• From the best evidence currently available, we tentatively conclude that the global increase in methane over the last decade is due to shale gas and shale oil development in the United States. A revised global methane budget for the year 2015 based on this finding shows that methane emissions from the oil and gas industry are now likely more than 2-times larger than those from all animal agriculture globally (see Box 2).
  • If emissions from shale gas and oil are indeed the source of the increased global methane fluxes, this should have resulted in a measurable change in the C14 radiocarbon content of atmospheric methane. We suggest that this radiocarbon signal is a better and less ambiguous tracer to unravel whether fossil fuel emissions or biogenic emissions such as those from cows are the primary driver of change over the past decade.

We call for an urgent program to measure the C14 content of methane in the current global atmosphere as the best way forward to unambiguously determine what has been driving the global increase in atmospheric methane.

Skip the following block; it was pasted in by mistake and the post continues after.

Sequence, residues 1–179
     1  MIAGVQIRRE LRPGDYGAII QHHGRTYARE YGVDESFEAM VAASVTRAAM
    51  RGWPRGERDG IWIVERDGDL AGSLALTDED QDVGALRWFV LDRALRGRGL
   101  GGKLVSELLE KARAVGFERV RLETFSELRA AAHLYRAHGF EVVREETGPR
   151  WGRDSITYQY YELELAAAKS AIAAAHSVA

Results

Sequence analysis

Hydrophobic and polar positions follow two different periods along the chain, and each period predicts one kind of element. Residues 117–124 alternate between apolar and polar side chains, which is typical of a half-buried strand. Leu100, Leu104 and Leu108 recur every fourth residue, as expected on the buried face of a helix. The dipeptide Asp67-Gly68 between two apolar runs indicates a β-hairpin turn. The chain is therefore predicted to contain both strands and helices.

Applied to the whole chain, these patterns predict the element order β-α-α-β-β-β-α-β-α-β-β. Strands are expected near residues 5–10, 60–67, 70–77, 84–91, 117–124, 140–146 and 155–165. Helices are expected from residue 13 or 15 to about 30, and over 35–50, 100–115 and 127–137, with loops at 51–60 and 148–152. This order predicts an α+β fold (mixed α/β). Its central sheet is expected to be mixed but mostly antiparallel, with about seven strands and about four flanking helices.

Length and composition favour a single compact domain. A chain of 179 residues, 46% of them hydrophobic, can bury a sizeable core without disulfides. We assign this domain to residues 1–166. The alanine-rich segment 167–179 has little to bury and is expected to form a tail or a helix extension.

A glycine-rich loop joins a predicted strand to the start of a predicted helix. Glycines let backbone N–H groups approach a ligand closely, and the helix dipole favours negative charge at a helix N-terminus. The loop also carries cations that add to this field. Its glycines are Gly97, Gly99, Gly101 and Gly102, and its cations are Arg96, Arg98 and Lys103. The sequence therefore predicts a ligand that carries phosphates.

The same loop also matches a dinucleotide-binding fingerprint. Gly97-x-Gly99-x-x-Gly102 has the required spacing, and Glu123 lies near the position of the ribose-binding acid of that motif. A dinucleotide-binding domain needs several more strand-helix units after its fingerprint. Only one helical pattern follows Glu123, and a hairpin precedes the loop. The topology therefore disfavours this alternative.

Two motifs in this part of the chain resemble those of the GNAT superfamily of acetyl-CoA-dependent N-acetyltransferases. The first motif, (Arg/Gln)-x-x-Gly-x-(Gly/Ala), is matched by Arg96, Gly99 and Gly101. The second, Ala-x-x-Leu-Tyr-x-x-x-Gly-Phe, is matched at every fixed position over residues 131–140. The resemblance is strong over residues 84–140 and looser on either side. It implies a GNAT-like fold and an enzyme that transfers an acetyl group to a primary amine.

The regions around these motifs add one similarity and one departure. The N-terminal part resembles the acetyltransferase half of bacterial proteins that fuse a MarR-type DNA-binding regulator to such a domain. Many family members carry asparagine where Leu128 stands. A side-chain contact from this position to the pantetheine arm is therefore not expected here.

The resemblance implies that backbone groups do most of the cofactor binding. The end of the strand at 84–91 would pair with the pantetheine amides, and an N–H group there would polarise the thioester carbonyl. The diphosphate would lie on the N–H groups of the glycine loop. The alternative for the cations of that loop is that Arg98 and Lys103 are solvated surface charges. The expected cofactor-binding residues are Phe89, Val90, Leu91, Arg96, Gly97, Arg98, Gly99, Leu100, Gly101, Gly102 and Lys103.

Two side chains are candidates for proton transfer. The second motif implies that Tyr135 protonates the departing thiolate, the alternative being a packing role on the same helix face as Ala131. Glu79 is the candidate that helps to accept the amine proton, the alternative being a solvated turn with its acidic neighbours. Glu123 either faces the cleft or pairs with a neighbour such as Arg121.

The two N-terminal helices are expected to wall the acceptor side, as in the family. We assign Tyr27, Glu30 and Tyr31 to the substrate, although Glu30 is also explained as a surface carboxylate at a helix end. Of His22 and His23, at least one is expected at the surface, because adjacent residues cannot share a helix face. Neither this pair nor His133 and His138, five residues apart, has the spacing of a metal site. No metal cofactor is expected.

Box 1

COP23 Box 1: Carbon Signatures

Box 2

COP23 Box 2: Carbon Signatures


(1) Petrenko et al. 2017. Minimal geological methane emissions during the Younger Dryas–Preboreal abrupt warming event. Nature 548: 443–446.

(2) Schneising et. al 2014. Remote sensing of fugitive methane emissions from oil and gas production in North American tight geologic formations. Earth’s Future 2: 548-558.

(3) Turner et al. 2016. A large increase in U.S. methane emissions over the past decade inferred from satellite data and surface observations. Geophysical Research Letters 43(5): 2218-2224.

(4) Schaefer et al. 2016. A 21st century shift from fossil-fuel to biogenic methane emissions indicated by 13CH4. Science 352(6281): 80-84.

(5) Schwietzke et al. 2016. Upward revision of global fossil fuel methane emissions based on isotopic database. Nature 538: 88-91.

(6) Golding et al. 2013. Stable isotope geochemistry of coal bed and shale gas and related production waters: A review. International Journal of Coal Geology 120: 24-40.